Cameron inspects the Ozone Built paddle, after months of working closely with Brian to perfect the blade
The shape of the blade came from my friend Kekai Keahi who taught me how to make paddles. We had all kinds of different shapes but I really liked this one so it’s the one that I stuck with. It was his latest design and one that he came up with after we went to Tahiti for Hawaiki Nui in 2005.
I started out making my paddles with a flat back. If you see my earlier edition paddles around they will all have flat backs. About 2 years ago I changed the back to have a very slight scoop. It is called a 15-degree radius. If you take a circle with a 30’ diameter and then cut an 18” section off of the perimeter you will have the scoop in the blade. This scoop was added to get even more bite.
I would say that most paddlers want a paddle that allows you to have the best bite/catch since it’s the most important part of the stroke but that’s not always the case. Some paddlers prefer to slightly pull the paddle through the water instead of having a 100% lock up front while pulling the canoe passed the blade. Sometimes it’s just too much for their body to handle or they don’t have the strength to do it. This is the main reason that I always offered 3 different sizes. This allows the paddler to choose how much resistance they would like on the blade.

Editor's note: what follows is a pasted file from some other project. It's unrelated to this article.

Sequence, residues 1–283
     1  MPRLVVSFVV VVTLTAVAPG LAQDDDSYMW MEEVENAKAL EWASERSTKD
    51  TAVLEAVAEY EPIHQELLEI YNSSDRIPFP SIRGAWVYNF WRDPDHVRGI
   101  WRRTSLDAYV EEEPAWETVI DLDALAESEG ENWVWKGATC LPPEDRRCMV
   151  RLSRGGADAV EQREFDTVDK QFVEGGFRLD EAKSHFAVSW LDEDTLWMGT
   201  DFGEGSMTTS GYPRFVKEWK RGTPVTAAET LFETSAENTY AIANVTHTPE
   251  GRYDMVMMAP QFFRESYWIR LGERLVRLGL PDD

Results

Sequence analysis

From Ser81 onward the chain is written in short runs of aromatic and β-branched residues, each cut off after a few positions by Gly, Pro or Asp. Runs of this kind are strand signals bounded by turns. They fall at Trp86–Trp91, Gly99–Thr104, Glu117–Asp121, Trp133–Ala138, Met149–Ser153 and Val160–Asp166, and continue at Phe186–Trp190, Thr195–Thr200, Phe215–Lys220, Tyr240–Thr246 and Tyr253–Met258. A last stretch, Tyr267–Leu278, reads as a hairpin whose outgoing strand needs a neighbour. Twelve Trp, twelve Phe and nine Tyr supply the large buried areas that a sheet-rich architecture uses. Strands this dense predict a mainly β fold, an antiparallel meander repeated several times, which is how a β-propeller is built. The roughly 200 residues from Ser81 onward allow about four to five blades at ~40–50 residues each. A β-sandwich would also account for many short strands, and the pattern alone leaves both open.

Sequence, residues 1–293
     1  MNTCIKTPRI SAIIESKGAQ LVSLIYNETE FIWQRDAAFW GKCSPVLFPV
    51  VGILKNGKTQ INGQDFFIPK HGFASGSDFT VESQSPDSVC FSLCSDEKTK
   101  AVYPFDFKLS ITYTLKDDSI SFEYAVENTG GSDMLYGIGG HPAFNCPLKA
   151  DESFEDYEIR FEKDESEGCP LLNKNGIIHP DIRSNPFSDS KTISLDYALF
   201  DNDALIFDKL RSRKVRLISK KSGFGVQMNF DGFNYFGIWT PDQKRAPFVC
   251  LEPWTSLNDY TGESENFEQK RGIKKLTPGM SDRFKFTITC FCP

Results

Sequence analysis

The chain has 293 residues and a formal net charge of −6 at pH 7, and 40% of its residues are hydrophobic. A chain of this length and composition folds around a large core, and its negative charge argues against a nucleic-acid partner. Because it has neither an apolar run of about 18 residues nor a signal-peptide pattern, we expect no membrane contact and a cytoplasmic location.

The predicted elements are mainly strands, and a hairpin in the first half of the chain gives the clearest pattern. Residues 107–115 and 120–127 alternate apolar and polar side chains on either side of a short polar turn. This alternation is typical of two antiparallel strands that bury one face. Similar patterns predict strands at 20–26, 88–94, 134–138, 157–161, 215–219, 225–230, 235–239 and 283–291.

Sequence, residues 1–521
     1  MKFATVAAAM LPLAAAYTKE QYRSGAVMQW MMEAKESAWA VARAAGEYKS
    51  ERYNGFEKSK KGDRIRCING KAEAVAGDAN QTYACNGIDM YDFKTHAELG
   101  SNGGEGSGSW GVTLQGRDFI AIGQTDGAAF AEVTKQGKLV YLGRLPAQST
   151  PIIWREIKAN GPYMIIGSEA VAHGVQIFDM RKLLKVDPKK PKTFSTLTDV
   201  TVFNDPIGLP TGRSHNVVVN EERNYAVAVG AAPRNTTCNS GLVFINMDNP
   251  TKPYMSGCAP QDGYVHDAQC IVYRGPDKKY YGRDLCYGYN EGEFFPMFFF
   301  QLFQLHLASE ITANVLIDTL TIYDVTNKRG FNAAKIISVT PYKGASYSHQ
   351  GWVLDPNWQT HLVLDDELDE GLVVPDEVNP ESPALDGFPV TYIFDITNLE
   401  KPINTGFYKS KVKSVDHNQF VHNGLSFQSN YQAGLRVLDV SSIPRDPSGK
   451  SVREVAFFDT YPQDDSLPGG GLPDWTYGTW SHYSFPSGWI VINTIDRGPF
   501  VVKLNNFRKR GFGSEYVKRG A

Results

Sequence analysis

A common question will be what size blade should I get for OC1, OC6, or V1, etc. Generally, paddlers with a slower stroke will use a blade with more resistance(bigger) and paddlers with a faster stroke will use a blade with less resistance(smaller). As for OC6 most will use a bigger blade than they do in OC1 due to having more weight to pull forward.
These are some of the paddles built by Brian prior to arriving at the final version ready for production
I try to stay away from recommending a blade size for anyone in an OC6. If they are using for OC6 then that means that they are in a club. Clubs have coaches and coaches usually know what they want for their paddlers. Length and blade size depends on the technique that they are teaching as well as the strength and ability of their paddlers. If their coach isn’t available for sizing then I will give my recommendation. This is where you will need to know your community best and learn what people in your area are using. As I’m sure you already know, you will find that the theories are all over the place. That’s why paddling is so awesome. There isn’t one answer for all. It’s an endless search that continues to revolve.
The (3) blade options are 9.25, 9.5, and 9.75. This is measured horizontally at the widest point of the teardrop. The 9.5 is the go-to if all else fails. It is by far the most popular size in all areas.